Antifa: A Modern Boogeyman

No matter where you get news these days, it seems that the term “Antifa” is everywhere. But where did it come from? And what is the contemporary definition of being anti-fascist?


The history of “Antifa,” shortened down from Antifaschistische Aktion began in the late 1920s and early 1930s within the Communist Party of Germany (KPD). The original KPD party was strongly aligned with the early Soviet Union party of Stalin, where “fascist” was used interchangeably to describe a capitalist society. Eventually, the term became ubiquitous with the KPD, where the term fascism was seen as the final stages of capitalism.

The KPD had a long history of opposing the Nazi party known as the National Socialist German Workers’ Party (it should be noted that Adolf Hitler’s definition of “socialist” or “socialism” was not our contemporary understanding or definition of a system that replaces or supplements a capitalist economy, but instead a way to socialize — to create — the volksgemeinschaft, or the people’s community, a homogeneous Aryan nation). Later on, after a brawl between Nazis’ Harzburg Front and Iron Front, the Unity Front was established, which was renamed to Antifaschistische Aktion. Unfortunately, by 1945, many of the areas of civil society had ceased to function and many in the Communist party as well as Social Democrats had been murdered. It was at this point that the original 1920s and 1930s KPD Antifa began to fracture apart, repulsed by the policies of Stalin, and the Antifa that has become a symbol for the Left was formed.

Historian Gareth Dale described the movements that coalesced in the wake of the Nazi regime in “Like Wildfire”?

Of all sectors of the population, it was industrial workers in the major towns that showed the greatest immunity to Nazism. Many trade unionists and socialists were able to maintain their traditions and beliefs, at least in some form, through the Nazi era. A courageous minority, including some 150,000 Communists, took part in illegal resistance. Wider layers avoided danger but were able to keep labour movement values and memories alive amongst groups of friends, in workplaces and on housing estates.

These groups were often called Antifaschistische Ausschüsse, Antifaschistische Kommittees, or Antifaschistische Aktion — “Antifa” for short. As Loren Balhorn describes:

They drew on the slogans and orientation of the prewar united front strategy, adopting the word “Antifa” from a last-ditch attempt to establish a cross-party alliance between Communist and Social Democratic workers in 1932. The alliance’s iconic logo, devised by Association of Revolutionary Visual Artists members Max Keilson and Max Gebhard, has been since become one of the Left’s most well-known symbols.

These groups focused on everything from activism — such as decrying the 12 years of Nazi education and socialization which had annihilated many young people’s class consciousness and proletarian values — to hunting down Nazi criminals and Nazi party leaders (called “Werewolves”).

While many Antifa groups were still dominated by the KPD, local groups looked to learn from earlier mistakes and build a “non-sectarian labor movement bridging divisions,” pushing back against the brutal capitalist measures of Nazism, and calling for an egalitarian economy.

Leftist policies, such as nationalization of industry, were popular in the post-war anti-fascist movement. One committee declared:

The will to merge into a powerful political party lives in the hearts of the millions of supporters of the once warring German workers’ parties as the most meaningful outcome of their shared suffering. This desire is deeply etched into all of the surviving prisoners from the concentration camps, prisons, and Gestapo institutions.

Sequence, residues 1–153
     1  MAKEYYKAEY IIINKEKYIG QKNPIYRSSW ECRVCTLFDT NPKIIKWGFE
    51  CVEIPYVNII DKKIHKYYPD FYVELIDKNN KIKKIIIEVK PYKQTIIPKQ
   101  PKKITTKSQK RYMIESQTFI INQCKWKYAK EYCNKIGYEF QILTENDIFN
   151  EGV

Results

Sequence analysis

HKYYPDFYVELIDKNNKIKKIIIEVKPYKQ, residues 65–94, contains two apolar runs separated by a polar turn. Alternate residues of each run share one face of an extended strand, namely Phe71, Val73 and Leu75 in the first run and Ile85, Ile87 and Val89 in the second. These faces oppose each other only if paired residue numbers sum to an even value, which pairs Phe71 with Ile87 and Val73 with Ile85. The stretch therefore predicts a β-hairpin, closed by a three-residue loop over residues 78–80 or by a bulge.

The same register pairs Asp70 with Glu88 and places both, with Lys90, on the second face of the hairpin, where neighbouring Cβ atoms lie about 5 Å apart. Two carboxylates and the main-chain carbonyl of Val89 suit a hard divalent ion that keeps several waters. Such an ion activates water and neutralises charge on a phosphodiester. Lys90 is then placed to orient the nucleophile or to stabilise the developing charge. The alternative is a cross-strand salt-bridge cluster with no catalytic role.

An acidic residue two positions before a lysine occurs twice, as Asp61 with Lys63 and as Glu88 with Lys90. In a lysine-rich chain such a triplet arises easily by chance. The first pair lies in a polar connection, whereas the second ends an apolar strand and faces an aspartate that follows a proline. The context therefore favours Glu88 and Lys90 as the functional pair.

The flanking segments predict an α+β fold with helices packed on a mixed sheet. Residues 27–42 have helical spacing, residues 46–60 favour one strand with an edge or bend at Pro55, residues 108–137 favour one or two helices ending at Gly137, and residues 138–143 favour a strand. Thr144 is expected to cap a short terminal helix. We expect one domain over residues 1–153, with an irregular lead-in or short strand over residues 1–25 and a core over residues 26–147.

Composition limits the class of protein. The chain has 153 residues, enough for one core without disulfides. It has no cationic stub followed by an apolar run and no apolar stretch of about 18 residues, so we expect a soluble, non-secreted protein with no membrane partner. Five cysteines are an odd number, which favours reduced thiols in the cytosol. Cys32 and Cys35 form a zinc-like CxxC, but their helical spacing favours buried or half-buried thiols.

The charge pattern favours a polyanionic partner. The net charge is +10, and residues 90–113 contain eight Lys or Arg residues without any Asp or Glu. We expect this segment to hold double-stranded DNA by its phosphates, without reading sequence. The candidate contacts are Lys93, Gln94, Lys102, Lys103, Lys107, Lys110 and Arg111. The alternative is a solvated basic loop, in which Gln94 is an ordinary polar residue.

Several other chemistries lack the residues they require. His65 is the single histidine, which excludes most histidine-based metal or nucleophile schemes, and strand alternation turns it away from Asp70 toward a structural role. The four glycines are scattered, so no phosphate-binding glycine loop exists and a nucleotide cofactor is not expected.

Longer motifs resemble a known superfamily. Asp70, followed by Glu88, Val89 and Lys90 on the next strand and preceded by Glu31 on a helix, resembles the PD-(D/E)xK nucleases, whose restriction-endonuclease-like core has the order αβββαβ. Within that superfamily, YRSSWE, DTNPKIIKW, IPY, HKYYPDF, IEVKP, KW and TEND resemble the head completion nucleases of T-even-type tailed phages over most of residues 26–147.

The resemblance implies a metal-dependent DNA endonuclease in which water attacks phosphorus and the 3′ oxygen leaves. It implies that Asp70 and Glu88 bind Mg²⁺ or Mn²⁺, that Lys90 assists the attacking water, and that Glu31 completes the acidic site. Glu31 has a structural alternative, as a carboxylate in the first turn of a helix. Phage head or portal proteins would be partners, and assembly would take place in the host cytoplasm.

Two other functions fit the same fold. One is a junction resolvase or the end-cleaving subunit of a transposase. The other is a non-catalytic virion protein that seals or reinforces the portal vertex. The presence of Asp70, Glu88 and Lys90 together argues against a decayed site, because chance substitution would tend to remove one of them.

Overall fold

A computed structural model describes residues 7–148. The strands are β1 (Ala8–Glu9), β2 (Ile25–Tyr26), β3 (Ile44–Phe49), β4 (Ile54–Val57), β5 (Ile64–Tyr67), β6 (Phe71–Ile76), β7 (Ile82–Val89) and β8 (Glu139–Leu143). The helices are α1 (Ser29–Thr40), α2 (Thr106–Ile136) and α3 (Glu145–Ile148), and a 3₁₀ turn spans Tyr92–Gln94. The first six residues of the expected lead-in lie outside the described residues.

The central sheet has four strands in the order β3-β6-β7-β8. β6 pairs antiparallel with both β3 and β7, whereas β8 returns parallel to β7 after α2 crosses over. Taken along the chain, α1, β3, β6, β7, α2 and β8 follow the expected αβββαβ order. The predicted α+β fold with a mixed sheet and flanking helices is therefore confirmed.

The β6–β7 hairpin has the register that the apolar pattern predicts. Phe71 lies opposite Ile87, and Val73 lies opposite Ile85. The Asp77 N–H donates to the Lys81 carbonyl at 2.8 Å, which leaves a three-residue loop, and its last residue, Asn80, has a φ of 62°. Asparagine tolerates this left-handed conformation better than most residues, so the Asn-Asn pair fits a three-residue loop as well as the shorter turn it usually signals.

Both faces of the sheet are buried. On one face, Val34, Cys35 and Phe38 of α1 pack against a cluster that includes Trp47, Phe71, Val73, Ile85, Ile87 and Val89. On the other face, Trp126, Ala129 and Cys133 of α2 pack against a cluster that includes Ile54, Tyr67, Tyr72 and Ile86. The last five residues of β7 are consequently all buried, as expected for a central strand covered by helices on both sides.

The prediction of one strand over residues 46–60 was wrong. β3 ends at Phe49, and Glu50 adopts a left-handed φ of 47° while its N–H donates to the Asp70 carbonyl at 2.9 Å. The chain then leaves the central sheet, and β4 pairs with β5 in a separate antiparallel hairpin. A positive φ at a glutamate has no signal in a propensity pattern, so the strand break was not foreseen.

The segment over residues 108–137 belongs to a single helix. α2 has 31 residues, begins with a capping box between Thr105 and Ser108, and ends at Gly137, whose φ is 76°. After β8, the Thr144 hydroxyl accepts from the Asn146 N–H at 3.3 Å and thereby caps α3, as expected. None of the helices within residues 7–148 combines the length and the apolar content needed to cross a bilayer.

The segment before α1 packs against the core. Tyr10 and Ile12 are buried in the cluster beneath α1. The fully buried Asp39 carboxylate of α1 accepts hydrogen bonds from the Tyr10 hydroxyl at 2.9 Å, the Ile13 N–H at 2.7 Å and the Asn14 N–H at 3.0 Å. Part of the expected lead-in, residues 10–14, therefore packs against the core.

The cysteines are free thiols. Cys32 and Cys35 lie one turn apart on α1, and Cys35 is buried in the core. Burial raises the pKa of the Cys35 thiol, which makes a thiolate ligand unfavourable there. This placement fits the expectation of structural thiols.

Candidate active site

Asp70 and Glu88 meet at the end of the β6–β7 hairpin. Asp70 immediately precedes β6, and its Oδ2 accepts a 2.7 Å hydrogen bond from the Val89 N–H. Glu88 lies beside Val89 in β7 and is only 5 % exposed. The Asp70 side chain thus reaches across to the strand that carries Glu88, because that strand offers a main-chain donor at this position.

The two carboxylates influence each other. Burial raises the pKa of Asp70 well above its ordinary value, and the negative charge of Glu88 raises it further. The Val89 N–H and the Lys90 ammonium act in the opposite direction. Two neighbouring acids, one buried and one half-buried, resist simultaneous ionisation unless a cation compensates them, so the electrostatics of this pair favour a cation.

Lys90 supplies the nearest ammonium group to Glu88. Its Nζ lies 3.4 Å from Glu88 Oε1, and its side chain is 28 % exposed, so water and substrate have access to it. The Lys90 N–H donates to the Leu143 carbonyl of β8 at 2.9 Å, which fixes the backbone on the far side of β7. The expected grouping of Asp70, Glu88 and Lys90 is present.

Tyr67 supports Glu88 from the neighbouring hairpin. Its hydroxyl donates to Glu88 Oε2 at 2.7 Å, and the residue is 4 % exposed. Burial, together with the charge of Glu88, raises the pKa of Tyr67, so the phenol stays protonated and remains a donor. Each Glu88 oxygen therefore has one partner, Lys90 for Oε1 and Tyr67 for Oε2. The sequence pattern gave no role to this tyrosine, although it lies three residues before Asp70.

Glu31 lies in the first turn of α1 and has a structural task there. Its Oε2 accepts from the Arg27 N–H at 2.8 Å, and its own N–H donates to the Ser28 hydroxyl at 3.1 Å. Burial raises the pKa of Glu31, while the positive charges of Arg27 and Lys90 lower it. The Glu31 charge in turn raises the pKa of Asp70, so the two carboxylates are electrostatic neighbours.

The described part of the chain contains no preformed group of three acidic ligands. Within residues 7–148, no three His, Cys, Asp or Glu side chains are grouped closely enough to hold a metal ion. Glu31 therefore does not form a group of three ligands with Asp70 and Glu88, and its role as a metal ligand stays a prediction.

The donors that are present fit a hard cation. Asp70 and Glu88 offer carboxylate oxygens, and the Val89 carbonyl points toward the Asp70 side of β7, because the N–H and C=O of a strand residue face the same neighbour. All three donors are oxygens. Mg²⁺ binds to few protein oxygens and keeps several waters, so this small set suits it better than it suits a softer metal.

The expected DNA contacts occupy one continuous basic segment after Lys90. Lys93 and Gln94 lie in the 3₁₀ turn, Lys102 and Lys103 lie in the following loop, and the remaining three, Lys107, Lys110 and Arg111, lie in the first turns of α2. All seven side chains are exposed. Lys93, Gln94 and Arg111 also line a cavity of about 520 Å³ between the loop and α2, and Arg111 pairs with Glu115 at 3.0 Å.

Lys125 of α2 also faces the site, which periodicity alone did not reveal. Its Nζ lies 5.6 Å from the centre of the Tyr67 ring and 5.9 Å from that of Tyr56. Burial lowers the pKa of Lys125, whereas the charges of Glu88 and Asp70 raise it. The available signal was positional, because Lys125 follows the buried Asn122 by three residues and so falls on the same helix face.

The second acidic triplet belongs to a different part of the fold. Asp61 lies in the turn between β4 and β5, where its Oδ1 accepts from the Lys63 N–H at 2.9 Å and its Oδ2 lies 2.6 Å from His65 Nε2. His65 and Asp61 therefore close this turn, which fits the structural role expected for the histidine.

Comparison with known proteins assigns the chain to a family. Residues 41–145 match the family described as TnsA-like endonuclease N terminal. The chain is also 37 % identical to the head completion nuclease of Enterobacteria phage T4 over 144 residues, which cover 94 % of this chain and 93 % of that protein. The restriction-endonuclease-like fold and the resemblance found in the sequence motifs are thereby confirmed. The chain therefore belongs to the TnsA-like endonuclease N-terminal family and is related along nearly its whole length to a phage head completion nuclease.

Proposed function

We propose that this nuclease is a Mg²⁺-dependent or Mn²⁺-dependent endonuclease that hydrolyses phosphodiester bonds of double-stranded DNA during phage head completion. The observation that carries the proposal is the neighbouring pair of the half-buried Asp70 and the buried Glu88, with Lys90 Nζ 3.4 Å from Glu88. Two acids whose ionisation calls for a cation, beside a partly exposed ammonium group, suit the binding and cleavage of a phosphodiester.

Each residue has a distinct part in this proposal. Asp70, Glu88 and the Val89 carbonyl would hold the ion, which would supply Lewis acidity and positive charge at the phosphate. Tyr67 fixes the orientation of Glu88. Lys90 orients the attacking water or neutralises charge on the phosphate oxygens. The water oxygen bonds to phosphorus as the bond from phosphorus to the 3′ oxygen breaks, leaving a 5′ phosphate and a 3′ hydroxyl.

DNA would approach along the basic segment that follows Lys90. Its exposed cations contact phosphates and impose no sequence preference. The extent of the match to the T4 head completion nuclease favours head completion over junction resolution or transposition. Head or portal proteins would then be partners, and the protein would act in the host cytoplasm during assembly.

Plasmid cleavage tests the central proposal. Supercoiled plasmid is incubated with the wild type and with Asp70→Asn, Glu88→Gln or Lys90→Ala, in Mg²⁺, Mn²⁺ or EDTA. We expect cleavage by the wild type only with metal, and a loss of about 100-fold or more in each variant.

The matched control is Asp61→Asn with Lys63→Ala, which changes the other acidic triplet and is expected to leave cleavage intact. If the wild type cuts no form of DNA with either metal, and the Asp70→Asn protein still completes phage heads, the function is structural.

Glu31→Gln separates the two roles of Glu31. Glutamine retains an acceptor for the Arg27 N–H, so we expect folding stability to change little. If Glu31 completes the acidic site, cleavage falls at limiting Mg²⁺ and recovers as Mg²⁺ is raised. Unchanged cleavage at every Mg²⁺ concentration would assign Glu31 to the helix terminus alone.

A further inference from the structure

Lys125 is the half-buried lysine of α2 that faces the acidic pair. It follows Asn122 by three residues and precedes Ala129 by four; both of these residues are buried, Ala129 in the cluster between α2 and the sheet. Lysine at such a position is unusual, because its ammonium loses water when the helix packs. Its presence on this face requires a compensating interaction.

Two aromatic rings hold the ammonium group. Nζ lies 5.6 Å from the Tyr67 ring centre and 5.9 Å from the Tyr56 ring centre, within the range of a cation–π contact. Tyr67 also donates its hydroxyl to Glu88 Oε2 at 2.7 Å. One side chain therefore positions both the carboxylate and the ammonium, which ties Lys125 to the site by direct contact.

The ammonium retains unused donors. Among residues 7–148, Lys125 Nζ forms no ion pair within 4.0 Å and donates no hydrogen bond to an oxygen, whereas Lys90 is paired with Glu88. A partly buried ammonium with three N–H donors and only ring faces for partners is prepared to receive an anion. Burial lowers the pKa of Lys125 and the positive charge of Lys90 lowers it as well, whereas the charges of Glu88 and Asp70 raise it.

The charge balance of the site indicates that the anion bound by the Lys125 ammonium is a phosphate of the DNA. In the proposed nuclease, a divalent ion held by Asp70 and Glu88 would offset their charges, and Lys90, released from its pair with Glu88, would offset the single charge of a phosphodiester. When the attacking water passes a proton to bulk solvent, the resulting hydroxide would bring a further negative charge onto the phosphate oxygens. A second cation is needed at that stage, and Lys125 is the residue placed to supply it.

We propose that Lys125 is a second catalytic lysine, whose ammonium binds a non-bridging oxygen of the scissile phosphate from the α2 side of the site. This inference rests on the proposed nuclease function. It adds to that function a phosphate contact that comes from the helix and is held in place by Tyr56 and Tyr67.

Antifascist rally at Buchenwald concentration camp, 1945

These organizations had some success but remained outside of the powerful Allied hegemony, ultimately eroding their effectiveness and impact on the consolidation of power.


A few years ago, American law enforcement, from local to federal, were briefed by the NSA on a new terror threat called “Antifa.” Before this, these briefings had largely been about foreign terror threats, such as Al-Qaeda, but were based on the information provided by the Verfassungsschutz (Federal Office for the Protection of the Constitution), the German security agency. This relationship had developed when years prior the NSA struck a deal with the Verfassungsschutz which provided them with a new piece of software: XKEYSCORE — one of the most powerful and alarming tools of mass surveillance in the US and across the world. According to the Intercept:

The NSA’s XKEYSCORE program, first revealed by The Guardian, sweeps up countless people’s Internet searches, emails, documents, usernames and passwords, and other private communications. XKEYSCORE is fed a constant flow of Internet traffic from fiber optic cables that make up the backbone of the world’s communication network, among other sources, for processing.

Collected communications not only include emails, chats and web-browsing traffic, but also pictures, documents, voice calls, webcam photos, web searches, advertising analytics traffic, social media traffic, botnet traffic, logged keystrokes, computer network exploitation (CNE) targeting, intercepted username and password pairs, file uploads to online services, Skype sessions and more.

Slide from a 2008 NSA presentation about XKeyscore, showing a world map with the locations of XKeyscore servers

At the time, the head of the Verfassungsschutz was Hans-Georg Maaßen, who became famous during the 2018 Chemnitz protests, when thousands of neo-Nazis were caught hunting people who appeared to be “foreign.” Despite the ample amounts of footage, Maaßen “questioned whether there was any credible evidence for such ‘hunts’, and stated that his security agency had in fact not seen any such evidence. Maaßen offered no reason for questioning the widely accepted narrative of what had happened in Chemnitz.”

Shortly after this controversy, Maaßen was caught in yet another scandal when Maaßen presented himself as a victim of a “radical left-wing” conspiracy in the German government. Shortly thereafter, he was placed in early retirement.